As advances in science increase, society is starting to see the trend where the scientific defies what used to be considered to be supernatural, and in some cases, merges with it.
Frankenstein realizes that the creature, which has now been corrupted by his initial irresponsibility and the maliciousness of human society, has the potential and the will to conduct further evil.
Furthermore, by pursuing this knowledge without even acknowledging or recognizing the possibility for it to be corrupted, even if it may be inherently neutral, Frankenstein is setting himself up for disaster.
But the question is, do we push the envelope to go where no one has gone before in the realms of science? After all, whereas Shelley is discouraging the acquisition of forbidden knowledge through Frankenstein, others would spin the story in an entirely different light.
In this growth of his character, she demonstrates what she views the actions of the responsible scientist should be. Before the bulk of the story has even begun, a message of warning is being developed in regards to the dangers of knowledge.
The creature describes his initial experiences, his first sensations and discoveries, and then begins to tell a tale of his interactions with a family of cottagers.
It is not until the creature is mistreated by humanity and rejected unjustly because of his horrible visage without consideration for his positive traits that he becomes the monster that Frankenstein thinks he is all along. It is in these interactions that the moral character of the creature is revealed.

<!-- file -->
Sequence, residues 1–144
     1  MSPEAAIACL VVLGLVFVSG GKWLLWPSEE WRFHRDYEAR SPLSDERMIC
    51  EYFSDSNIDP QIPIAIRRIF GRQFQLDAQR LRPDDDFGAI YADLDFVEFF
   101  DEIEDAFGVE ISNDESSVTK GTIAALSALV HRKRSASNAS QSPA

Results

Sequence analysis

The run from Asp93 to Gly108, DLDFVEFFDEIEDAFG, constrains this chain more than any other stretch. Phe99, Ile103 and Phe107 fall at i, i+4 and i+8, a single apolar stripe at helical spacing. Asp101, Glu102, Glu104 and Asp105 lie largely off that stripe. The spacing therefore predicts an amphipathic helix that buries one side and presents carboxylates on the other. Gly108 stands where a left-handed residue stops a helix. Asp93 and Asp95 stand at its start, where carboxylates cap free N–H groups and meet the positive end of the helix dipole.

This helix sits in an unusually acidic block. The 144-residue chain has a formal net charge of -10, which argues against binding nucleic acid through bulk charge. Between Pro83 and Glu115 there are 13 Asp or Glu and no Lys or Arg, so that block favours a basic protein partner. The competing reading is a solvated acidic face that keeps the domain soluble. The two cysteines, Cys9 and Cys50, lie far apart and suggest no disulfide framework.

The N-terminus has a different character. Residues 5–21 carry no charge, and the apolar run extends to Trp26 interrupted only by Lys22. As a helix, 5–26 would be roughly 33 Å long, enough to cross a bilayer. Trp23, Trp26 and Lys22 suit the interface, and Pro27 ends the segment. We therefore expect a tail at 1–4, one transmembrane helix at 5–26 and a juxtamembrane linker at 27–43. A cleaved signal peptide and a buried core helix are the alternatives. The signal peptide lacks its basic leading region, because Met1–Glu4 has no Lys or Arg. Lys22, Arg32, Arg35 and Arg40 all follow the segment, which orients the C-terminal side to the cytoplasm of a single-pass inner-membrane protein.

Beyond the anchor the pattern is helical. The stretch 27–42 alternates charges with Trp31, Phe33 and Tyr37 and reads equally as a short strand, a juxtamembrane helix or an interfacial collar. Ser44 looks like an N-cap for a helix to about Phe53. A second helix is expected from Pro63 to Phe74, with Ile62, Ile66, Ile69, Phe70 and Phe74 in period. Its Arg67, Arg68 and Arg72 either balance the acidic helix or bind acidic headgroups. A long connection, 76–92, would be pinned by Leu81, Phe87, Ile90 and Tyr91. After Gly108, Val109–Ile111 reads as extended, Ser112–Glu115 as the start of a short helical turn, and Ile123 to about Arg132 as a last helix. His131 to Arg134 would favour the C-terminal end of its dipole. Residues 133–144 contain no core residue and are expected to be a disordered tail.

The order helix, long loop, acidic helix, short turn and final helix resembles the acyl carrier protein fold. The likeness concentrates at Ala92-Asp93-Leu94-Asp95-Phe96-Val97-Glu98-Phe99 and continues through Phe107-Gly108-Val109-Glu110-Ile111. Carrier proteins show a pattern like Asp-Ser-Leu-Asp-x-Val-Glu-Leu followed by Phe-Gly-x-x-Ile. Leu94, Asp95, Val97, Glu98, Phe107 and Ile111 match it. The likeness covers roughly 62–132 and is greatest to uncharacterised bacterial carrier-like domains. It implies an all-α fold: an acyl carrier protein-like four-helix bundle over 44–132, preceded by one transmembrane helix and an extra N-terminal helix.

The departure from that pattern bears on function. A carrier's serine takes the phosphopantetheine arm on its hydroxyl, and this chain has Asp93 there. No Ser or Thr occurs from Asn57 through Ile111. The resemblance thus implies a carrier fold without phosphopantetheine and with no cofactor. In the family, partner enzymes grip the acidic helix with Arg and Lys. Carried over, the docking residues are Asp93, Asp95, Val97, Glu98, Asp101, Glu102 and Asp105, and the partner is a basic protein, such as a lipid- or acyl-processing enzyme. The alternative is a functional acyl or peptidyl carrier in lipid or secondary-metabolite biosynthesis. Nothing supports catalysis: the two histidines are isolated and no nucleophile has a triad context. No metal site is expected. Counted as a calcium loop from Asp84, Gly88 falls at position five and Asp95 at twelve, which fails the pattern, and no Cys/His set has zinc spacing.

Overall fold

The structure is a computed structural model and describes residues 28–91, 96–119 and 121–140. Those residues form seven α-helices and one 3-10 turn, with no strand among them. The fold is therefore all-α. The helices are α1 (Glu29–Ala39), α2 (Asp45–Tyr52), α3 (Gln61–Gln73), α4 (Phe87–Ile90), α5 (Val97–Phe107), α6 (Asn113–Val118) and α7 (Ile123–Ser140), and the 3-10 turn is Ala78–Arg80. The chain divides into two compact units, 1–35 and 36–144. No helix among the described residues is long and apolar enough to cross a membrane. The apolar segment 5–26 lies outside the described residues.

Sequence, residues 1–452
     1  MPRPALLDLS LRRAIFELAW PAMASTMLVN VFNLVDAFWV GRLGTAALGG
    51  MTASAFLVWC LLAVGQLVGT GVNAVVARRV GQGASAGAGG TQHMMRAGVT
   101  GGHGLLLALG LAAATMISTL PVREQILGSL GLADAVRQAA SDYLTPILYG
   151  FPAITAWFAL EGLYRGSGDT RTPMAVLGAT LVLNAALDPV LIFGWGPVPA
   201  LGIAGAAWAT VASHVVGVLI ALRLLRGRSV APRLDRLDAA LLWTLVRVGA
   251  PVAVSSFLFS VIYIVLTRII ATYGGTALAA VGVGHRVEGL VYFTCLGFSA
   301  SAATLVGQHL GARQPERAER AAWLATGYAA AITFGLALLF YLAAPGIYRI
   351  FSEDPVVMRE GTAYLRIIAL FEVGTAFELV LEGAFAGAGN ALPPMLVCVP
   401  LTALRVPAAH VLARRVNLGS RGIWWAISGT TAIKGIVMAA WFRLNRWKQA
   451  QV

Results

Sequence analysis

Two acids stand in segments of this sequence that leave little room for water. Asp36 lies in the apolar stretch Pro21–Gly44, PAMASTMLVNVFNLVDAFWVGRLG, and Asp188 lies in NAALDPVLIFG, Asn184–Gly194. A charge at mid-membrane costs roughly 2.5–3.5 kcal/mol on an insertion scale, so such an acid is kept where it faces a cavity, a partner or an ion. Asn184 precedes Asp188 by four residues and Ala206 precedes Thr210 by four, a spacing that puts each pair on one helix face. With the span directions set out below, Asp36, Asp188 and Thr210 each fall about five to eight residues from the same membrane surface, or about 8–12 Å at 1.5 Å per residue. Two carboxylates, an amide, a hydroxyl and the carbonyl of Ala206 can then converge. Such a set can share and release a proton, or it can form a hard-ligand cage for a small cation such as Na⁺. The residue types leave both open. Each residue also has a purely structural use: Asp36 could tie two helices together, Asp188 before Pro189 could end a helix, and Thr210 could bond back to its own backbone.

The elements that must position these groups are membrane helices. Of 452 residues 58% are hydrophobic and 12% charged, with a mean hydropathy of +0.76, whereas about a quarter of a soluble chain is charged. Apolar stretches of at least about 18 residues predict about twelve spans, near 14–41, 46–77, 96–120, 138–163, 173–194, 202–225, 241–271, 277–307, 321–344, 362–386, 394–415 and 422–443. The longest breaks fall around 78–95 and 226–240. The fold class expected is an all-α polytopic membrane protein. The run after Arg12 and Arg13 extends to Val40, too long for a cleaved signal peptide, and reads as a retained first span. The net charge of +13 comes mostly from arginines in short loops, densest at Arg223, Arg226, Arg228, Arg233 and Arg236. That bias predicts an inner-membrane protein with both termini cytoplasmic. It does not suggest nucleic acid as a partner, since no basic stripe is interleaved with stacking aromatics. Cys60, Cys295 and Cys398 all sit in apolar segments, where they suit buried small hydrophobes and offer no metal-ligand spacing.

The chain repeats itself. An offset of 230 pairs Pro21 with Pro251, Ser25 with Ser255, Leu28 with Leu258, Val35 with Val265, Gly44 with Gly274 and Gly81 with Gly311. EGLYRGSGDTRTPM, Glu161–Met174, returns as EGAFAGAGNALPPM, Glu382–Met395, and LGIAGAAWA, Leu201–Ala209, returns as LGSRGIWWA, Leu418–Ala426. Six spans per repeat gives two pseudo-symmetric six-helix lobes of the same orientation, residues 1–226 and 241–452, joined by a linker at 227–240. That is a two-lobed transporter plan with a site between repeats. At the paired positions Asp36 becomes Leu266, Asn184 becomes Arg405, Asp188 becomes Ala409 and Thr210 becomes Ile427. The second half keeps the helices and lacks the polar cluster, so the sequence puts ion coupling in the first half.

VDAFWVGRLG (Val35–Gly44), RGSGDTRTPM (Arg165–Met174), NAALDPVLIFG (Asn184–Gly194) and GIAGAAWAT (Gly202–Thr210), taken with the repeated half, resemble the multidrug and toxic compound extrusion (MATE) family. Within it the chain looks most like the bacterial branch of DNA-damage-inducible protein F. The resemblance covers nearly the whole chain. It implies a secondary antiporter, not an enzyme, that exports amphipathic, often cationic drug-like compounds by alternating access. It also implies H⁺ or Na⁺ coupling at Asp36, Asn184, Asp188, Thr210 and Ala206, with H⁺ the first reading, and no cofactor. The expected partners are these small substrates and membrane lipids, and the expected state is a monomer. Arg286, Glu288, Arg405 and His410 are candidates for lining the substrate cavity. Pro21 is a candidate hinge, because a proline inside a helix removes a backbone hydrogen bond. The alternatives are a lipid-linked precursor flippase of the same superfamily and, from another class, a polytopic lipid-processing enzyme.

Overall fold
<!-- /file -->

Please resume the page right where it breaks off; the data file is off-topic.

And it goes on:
None of this would have happened if he had a healthier, more natural fascination in other, more ordinary and acceptable subjects.
He feels bound to the responsibility towards his creature which he initially reneged upon. He is beginning to accept that he holds the power to stop his creation, and that is indeed his responsibility to act upon that power. As advances in science continue to cross boundaries, and perhaps, question our origins as human beings, society beginning to reach an impasse.
In a sense, the creation of the monster is a punishment inflicted upon Frankenstein for his unbridled pursuit of knowledge. As Ziolkowski argued, the creature demonstrates a definite capacity for good; he helps the family by cutting their wood, helps save a girl from drowning, and wants to be integrated into peaceful and loving society.
In the case of Frankenstein, he has usurped the power of God by creating life without the union of male and female.
Our society currently wrestles with such issues as artificial intelligence, cloning, DNA, genetics, neuroscience, and stem cells, which ultimately leads to controversy regarding the roles, uses, and limitations of science.
It is clear that Frankenstein grows throughout the book from being entirely irresponsible, causing his creature to become corrupted and thus malicious, to being somewhat responsible, recognizing that he is bound to his creature and owes him the creation of a female, to being entirely responsible, recognizing that the creation of a female could bring even further consequences and harm to society and that the only proper course of action is seeking the destruction of his corrupted creation.